TED 2013: SpaceTop 3D see-through computer revealed
A transparent computer that allows users to reach inside and touch digital content has been unveiled at the TED conference in Los Angeles.
TED fellow Jinha Lee has been working on the SpaceTop 3D desktop in collaboration with Microsoft.
Allowing people to interact with machines in the same way they do with solid objects could make computing much more intuitive, he told the BBC.
He can see the system coming into general use within a decade.
The system consists of a transparent LED display with built-in cameras, which track the user's gestures and eye movements.
The design was inspired by what he sees as a human need to interact with things.
"Spatial memory, where the body intuitively remembers where things are, is a very human skill," he said.
Translating this to the digital world will enable people to use computers more easily as well as complete more complex tasks.
"If you are working on a document you can pick it up and flip through it like a book," he told the BBC.
For more precise tasks, where hand gestures are not accurate, there is a touchpad. It will allow, for example architects to manipulate 3D models.
"The gap between what the designer thinks and what the computer can do is huge. If you can put your hands inside the computer and handle digital content you can express ideas more completely," he said.
Not everyone is convinced by the Minority Report-style future that will see us interact with machine via touch.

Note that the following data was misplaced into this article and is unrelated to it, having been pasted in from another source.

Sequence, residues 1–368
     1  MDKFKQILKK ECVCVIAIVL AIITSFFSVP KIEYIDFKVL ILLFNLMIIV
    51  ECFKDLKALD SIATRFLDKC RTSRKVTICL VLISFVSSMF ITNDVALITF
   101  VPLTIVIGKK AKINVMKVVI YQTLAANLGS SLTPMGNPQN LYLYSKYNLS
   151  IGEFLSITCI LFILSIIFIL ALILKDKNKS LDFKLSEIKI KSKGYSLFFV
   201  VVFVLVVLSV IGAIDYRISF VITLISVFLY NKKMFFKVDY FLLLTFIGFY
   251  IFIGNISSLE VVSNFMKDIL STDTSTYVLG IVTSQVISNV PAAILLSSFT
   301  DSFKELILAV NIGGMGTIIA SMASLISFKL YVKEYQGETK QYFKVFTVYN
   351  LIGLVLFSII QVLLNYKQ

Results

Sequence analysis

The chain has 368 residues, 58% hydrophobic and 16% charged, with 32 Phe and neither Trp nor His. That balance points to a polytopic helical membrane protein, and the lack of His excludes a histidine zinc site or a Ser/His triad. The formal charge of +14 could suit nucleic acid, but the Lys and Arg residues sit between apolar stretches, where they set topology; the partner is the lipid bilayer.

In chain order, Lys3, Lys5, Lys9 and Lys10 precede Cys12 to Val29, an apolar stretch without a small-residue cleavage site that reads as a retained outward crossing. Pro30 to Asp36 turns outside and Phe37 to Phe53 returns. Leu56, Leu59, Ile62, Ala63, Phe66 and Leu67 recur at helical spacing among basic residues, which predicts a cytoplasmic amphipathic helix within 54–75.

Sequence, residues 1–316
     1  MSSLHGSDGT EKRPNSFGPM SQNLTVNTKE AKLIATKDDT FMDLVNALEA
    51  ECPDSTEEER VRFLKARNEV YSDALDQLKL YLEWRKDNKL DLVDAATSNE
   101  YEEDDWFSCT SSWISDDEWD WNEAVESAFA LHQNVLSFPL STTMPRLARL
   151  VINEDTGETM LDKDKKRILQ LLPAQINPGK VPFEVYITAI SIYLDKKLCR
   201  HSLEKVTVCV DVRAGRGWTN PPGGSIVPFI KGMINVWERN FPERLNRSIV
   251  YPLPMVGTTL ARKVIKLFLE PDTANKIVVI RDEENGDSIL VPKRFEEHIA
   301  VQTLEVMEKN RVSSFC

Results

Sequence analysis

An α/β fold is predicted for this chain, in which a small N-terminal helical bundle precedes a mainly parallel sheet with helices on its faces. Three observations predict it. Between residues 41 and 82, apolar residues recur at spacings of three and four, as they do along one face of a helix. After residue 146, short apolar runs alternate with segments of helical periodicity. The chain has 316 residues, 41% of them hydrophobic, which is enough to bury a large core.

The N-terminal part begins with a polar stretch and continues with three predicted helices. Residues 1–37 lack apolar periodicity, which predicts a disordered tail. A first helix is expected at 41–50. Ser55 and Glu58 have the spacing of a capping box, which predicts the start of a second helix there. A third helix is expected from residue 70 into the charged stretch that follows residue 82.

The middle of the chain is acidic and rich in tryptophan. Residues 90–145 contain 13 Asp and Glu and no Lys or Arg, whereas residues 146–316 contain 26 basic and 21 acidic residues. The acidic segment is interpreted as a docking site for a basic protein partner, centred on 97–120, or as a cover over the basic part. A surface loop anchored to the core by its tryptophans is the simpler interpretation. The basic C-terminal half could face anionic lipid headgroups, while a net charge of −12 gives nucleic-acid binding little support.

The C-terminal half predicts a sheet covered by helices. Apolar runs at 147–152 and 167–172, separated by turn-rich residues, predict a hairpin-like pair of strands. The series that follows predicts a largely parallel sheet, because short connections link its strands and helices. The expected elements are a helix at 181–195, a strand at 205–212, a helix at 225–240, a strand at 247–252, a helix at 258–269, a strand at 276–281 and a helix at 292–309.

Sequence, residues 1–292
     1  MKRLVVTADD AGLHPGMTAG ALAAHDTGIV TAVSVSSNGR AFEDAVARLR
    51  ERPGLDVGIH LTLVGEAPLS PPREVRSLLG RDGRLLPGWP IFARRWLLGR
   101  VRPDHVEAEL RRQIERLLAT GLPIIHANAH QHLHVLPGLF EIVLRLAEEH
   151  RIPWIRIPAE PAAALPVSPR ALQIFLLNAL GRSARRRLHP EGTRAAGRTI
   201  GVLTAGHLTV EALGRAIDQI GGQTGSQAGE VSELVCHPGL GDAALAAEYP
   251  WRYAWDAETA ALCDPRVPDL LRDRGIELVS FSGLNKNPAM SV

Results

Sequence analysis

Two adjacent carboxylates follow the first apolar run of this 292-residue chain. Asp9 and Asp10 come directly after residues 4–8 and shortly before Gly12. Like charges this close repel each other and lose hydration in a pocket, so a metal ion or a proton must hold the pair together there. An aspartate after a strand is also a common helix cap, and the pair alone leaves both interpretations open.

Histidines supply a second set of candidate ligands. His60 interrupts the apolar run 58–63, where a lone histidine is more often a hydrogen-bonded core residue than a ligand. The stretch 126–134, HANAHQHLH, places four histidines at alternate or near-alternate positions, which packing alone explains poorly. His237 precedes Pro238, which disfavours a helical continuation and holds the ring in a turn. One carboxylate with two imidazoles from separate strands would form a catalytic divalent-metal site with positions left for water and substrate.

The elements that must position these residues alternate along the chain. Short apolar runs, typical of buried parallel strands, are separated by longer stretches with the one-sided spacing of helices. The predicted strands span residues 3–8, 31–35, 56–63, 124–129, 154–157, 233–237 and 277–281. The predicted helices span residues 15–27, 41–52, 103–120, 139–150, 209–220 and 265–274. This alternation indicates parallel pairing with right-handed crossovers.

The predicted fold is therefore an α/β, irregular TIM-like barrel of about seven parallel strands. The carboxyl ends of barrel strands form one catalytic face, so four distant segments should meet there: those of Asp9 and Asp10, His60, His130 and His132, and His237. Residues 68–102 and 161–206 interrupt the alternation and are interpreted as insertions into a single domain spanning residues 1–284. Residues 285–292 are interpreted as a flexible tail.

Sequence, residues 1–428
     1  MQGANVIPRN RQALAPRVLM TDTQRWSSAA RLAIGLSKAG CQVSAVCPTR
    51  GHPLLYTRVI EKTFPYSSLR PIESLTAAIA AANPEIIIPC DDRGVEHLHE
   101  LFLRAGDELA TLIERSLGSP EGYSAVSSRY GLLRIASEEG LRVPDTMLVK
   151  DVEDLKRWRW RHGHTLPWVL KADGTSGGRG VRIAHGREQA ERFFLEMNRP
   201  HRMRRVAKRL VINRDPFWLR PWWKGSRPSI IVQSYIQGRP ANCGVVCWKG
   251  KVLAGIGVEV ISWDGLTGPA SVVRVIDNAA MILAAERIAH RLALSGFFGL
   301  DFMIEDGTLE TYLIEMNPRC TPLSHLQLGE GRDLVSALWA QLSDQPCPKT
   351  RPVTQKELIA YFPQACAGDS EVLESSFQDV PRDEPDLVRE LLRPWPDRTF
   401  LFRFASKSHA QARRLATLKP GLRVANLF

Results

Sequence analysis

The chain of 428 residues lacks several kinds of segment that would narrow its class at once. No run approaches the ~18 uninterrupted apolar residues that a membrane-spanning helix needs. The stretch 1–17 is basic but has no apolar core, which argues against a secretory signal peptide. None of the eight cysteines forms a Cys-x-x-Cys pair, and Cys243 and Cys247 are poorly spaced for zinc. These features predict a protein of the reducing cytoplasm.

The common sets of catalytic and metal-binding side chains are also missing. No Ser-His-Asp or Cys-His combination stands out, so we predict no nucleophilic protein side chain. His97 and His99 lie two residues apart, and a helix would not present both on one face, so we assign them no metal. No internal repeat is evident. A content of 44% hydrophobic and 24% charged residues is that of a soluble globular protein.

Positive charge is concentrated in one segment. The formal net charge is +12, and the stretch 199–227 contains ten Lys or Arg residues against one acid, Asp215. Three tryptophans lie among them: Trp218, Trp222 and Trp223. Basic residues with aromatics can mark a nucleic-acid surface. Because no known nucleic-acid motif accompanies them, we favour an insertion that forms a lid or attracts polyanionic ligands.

In an interview with The Awl website designer Christian Brown said: "Human hands and fingers are good at feeling texture and detail, and good at gripping things - neither of which touch interfaces take advantage of.
"The real future of interfaces will take advantage of our natural abilities to tell the difference between textures, to use our hands to do things without looking at them."
Mr Lee, a graduate from the Massachusetts Institute of Technology, is currently serving his military obligation in South Korea at Samsung Electronics, where he is working on TV interfaces.
At TED, which stands for Technology, Education and Design, he also demonstrated other projects he is working on, including ZeroN, a floating ball, which can literally be placed in midair.
It utilises electromagnetism to stay afloat and when coupled with software can be used for a variety of applications.
"It could be used in schools," said Mr Lee.
"If kids are learning about planetary movement they can pick up a model of a planet and place it in orbit. That is tangible and makes the learning experience so much more powerful."
He is also working on an augmented reality shopping app, which combined with a virtual reality handset would allow users to try on items such as watches from online shops.
For Mr Lee the ultimate goal is to unite the digital and physical worlds.
"I don't want to look back on my life and find that I have just been typing on a keyboard," he said.
"It is one of our key human skills to be able to interact with 3D spaces and I wanted to let people do the same with digital content."
Computers are becoming more user-friendly as the gap between the real world and technology closes.
"With the first computers there was a huge gap but that gap is getting smaller with things such as touchscreens," he said.
"The only boundary left is our imagination."